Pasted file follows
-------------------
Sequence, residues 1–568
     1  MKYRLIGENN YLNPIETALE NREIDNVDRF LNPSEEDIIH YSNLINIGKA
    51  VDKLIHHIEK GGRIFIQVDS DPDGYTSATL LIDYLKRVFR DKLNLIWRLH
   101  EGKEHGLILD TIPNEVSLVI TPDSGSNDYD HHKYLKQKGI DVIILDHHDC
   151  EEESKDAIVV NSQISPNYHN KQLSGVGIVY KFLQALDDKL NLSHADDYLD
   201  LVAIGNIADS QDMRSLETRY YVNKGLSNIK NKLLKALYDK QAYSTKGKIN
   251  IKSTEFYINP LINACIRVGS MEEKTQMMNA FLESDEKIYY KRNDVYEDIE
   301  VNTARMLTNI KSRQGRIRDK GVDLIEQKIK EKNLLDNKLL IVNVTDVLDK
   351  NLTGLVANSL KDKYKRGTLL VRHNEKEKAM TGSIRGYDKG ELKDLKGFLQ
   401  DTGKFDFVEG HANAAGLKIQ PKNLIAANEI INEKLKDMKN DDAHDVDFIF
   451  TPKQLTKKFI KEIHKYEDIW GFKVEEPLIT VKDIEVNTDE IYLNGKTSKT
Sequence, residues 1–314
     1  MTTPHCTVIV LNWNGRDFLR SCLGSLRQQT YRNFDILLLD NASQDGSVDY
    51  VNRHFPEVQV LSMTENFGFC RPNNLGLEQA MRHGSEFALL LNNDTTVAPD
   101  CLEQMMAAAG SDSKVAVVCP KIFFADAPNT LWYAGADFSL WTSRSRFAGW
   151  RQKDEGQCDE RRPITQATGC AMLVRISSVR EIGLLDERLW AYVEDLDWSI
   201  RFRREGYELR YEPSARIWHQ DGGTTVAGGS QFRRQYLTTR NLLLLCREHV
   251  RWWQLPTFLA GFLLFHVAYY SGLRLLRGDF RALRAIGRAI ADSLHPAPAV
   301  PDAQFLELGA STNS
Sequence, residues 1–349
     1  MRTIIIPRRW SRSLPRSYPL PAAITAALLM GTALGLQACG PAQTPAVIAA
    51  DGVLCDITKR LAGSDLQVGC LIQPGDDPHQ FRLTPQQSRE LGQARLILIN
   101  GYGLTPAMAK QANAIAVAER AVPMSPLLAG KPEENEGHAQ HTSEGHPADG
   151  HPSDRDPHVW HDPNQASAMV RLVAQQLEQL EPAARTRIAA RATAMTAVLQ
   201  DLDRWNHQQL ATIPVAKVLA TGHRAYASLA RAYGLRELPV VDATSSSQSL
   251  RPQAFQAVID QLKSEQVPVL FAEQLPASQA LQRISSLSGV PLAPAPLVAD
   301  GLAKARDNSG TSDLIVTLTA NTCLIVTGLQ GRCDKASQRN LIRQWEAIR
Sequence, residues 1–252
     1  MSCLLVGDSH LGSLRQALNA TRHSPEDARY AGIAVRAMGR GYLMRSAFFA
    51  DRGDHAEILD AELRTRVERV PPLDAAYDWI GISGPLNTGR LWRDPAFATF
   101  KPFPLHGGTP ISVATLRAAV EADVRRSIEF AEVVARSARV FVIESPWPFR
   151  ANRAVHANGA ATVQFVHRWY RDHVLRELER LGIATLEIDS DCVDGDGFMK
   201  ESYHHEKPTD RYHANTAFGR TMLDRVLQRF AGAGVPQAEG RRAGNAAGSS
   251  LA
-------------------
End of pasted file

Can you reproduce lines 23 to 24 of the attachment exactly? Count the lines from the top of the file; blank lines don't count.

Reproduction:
   101  GYGLTPAMAK QANAIAVAER AVPMSPLLAG KPEENEGHAQ HTSEGHPADG
   151  HPSDRDPHVW HDPNQASAMV RLVAQQLEQL EPAARTRIAA RATAMTAVLQ